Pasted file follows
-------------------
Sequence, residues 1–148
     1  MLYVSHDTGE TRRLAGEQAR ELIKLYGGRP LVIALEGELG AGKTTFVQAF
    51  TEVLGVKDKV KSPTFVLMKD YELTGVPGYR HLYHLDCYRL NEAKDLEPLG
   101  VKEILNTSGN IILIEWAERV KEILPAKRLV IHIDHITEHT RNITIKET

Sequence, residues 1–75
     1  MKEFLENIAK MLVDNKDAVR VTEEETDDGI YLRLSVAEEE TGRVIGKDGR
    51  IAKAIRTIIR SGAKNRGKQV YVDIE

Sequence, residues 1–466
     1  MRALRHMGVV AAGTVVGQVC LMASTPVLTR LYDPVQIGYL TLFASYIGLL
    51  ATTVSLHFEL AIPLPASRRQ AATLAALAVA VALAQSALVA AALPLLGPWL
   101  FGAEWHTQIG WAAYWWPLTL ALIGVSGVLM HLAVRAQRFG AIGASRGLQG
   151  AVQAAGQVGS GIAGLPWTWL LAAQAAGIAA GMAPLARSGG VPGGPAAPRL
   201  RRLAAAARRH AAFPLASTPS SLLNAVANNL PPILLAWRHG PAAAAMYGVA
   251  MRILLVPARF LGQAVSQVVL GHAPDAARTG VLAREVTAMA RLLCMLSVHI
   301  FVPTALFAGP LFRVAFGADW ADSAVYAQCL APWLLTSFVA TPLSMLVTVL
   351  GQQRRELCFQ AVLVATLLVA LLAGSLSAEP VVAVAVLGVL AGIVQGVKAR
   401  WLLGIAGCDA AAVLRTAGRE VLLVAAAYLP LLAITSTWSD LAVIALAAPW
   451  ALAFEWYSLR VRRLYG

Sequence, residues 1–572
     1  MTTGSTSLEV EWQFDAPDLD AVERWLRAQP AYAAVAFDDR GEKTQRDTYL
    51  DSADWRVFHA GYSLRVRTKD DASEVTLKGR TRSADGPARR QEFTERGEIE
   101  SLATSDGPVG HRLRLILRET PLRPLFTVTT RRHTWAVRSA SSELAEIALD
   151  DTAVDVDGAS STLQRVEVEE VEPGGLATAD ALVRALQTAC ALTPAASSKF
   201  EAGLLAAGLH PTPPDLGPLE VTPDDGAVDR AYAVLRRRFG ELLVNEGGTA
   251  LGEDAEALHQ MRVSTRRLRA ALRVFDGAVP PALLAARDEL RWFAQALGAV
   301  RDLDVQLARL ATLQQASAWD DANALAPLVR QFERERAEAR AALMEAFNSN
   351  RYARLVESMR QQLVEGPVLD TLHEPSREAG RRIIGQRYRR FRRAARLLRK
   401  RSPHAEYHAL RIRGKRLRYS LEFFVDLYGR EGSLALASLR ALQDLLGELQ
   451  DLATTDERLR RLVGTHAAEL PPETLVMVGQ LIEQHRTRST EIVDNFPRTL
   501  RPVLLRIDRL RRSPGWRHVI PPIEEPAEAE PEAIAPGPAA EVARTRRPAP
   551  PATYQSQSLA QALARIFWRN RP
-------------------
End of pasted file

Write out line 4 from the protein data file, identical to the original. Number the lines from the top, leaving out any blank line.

   101  VKEILNTSGN IILIEWAERV KEILPAKRLV IHIDHITEHT RNITIKET